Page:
The release of the upcoming season’s schedule is a significant tentpole in every offseason, though that tentpole ordinarily would have happened several weeks earlier than it did this year. The NFL only unveiled the schedule last night, when it typically is released in the middle of April, prior to the NFL Draft.
The reasons for the delay are obvious to everyone who has paid even the slightest attention to the world over the course of the past couple of months. The Covid-19 pandemic has thrown almost all business into uncertainty, and has grounded almost all professional sports indefinitely.
The CFL, for example, recently reported that the most likely outcome is that they will not have a season this year. The NHL and NBA are still cautiously optimistic about completing their paused, in-progress seasons, while the MLB is looking into potential modifications for its typically 162-game slate.
As for the NFL, they are forging ahead—on paper, and in public—as though nothing is happening, more or less. There aren’t many meaningful indications about contingencies in the schedules released yesterday, aside from the fact that all teams have been given two home games and two road games over the course of the first four weeks.
Said NFL commissioner Roger Goodell in a statement yesterday, “the release of the NFL schedule is something our fans eagerly anticipate every year, as they look forward with hope and optimism to the season ahead. In preparing to play the season as scheduled, we will continue to make our decisions based on the latest medical and public health advice, in compliance with government regulations, and with appropriate safety protocols to protect the health of our fans, players, club and league personnel, and our communities”.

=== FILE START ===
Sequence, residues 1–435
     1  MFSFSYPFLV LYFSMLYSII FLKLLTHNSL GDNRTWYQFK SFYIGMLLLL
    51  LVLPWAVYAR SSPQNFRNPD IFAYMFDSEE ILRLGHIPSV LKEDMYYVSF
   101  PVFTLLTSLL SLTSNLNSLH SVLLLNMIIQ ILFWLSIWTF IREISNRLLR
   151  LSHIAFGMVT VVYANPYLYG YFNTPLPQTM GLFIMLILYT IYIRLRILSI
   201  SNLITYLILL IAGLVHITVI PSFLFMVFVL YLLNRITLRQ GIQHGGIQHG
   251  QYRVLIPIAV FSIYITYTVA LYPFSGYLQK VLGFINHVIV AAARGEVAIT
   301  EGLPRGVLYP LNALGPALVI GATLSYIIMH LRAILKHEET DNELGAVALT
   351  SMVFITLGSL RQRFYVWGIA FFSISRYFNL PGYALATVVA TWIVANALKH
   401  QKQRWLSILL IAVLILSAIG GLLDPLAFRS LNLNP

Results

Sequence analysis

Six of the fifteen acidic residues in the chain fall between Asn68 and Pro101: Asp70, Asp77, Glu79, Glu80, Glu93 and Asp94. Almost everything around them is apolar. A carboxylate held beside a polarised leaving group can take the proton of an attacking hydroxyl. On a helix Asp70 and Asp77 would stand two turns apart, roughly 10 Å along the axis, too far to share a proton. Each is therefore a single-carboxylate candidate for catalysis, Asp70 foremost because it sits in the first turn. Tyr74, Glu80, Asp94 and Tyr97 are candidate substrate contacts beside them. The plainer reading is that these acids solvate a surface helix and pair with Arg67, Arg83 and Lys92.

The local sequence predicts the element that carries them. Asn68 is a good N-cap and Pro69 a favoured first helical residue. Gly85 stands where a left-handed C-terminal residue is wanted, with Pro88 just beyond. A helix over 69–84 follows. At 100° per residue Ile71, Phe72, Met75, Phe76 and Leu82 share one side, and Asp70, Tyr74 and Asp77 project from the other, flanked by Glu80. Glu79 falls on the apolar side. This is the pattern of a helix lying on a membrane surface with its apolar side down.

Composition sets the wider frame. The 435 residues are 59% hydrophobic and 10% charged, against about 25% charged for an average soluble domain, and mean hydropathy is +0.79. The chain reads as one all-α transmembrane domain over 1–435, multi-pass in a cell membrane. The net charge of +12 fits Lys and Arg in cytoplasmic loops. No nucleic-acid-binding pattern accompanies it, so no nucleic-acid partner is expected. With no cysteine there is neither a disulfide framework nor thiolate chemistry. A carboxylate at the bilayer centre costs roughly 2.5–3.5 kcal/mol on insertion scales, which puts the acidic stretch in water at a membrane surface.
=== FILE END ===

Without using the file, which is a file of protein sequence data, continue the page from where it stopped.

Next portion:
— Brian McCarthy (@NFLprguy) May 8, 2020
He added, “we will be prepared to make adjustments as necessary, as we have during this off-season in safely and efficiently conducting key activities such as free agency, the virtual off-season program, and the 2020 NFL draft”.
Like every other league, the league behind closed doors is running through a litany of contingency plans in the event that they are unable to play their season as originally scheduled, with the requirement of things being shifted around.
There is the possibility of the entire season being pushed back, with early games being made up later in the year, and even the Super Bowl and the entire playoffs schedule happening at a later date. Another option is to truncate the season to 14 or 12 games. I would imagine shortening or even eliminating the preseason is on the table.
Pretty much the only thing that we have heard that is not on the table is the consideration of holding the entire league in one centralized location, which is reportedly an idea that other leagues have given some thought to. If it comes down to it, however, it wouldn’t surprise me if they do give it some thought.